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Fibronectin binding protein A-mediated cellular infections by Staphylococcus aureus (Rosenbach, 1884)
Fibronectin bindendes Protein A-vermittelte zelluläre Infektion durch Staphylococcus aureus (Rosenbach, 1884)
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Bakterielle Infektion , Endokarditis , Fibronektin , Extrazelluläre Matrix , Staphylococcus aureus
Aepfelbacher, Martin (Prof. Dr.)
Tag der mündlichen Prüfung:
Kurzfassung auf Englisch:
Staphyloccous aureus is one of the leading pathogens in nosocomial infections and can cause life threatening diseases such as bacteremia and acute endocarditis. The surface adhesin fibronectin binding protein A (FnBPA) mediates attachment to the host cell extracellular matrix component fibronectin (Fn) and subsequent actin-dependent invasion. Bacteria-associated Fn is mainly bound to host cell integrins. While the region of Fn responsible for binding FnBPA is well defined, the domains that bind the host cell which lead to FnBPA-mediated adherence and uptake are unclear. In addition, a role for the maturation state of Fn in FnBPA-mediated infection has not been explored.
To answer these questions, we generated Fns harboring inactivating mutations in the central cell-binding RGD motif and adjacent synergy site, or purified proteolytic Fn fragments, comprising different parts of the N-terminal region. In their soluble form, bound to FnBPA-particles, these mutants or fragments were reacted with Fn-deficient cells or, in their cellularly organized form, were reacted with uncoated FnBPA-particles. For soluble Fn, the RGD motif was important for adhesion to and invasion of cells by FnBPA-particles. The synergy site was, however, important for adhesion but not invasion. Additionally, Fn 70 kDa but not Fn 30 kDa promoted invasion, suggesting a key role for the gelatin-binding domain in Fn RGD-independent invasion. In sharp contrast, the organization of Fn into fibrils reduced overall invasion and, under these conditions, neither the RGD motif nor the synergy site were important for adhesion to and invasion of cells by FnBPA-particles. Thus, we demonstrate important roles for the central cell-binding domain and the maturation state of Fn in the infection mechanism of S. aureus.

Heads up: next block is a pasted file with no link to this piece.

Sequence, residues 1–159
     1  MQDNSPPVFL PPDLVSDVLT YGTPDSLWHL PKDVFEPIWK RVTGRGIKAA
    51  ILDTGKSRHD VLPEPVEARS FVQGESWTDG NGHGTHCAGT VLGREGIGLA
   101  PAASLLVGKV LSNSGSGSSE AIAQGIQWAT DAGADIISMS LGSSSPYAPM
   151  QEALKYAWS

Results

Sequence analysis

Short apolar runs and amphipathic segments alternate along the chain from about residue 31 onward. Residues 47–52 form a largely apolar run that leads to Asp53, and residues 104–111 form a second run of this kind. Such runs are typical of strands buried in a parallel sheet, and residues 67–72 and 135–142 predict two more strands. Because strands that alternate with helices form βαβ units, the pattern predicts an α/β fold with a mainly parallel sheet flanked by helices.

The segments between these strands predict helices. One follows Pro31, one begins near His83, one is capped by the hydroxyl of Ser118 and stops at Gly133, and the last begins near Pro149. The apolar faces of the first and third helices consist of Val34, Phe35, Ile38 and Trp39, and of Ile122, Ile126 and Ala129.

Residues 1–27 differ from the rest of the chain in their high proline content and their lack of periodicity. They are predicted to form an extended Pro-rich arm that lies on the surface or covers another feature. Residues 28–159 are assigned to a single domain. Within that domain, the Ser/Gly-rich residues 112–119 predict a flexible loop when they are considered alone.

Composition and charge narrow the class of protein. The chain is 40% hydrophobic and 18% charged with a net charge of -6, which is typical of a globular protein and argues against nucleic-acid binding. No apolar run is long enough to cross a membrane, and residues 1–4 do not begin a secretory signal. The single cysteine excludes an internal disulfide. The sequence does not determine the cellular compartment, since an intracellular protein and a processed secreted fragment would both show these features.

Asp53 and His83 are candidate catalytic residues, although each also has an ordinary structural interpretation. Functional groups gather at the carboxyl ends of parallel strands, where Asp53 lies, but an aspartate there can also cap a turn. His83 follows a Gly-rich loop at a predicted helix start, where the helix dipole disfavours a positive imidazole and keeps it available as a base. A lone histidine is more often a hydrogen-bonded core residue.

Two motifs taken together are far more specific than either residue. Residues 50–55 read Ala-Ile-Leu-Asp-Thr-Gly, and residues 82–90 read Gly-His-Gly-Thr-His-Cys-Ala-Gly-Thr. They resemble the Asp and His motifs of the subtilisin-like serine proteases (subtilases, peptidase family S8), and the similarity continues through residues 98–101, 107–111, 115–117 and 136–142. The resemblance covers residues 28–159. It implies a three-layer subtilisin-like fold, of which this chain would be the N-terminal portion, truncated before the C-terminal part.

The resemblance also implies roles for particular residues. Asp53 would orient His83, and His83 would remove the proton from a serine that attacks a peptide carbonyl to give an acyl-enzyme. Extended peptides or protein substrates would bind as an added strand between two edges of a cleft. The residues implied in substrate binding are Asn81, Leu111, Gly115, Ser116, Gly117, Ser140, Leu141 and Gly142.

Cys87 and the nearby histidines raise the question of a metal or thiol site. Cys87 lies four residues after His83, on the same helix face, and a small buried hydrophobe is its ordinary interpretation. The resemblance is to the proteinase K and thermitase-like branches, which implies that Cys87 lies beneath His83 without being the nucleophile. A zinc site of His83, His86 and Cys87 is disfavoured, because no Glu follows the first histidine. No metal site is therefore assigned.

To further analyze the connection of mutant Fns to the integrin-linked cytoskeleton, the cell surface motility and adhesive structures formed by bacteria coated with different Fns were compared. Bacteria coated with either RGD-mutated Fn, synergy site-mutated Fn or Fn 70 kDa showed a reduced displacement and less direct transport on the cell surface. In addition, when the RGD motif was mutated, proteins important for integrin-dependent signaling and the linkage of integrins to the cytoskeleton were not recruited. These experiments show that defects in the central cell-binding domain of Fn impair the connection of integrins to the actin cytoskeleton.
The results presented here further our understanding of the mechanisms by which S. aureus infect the host.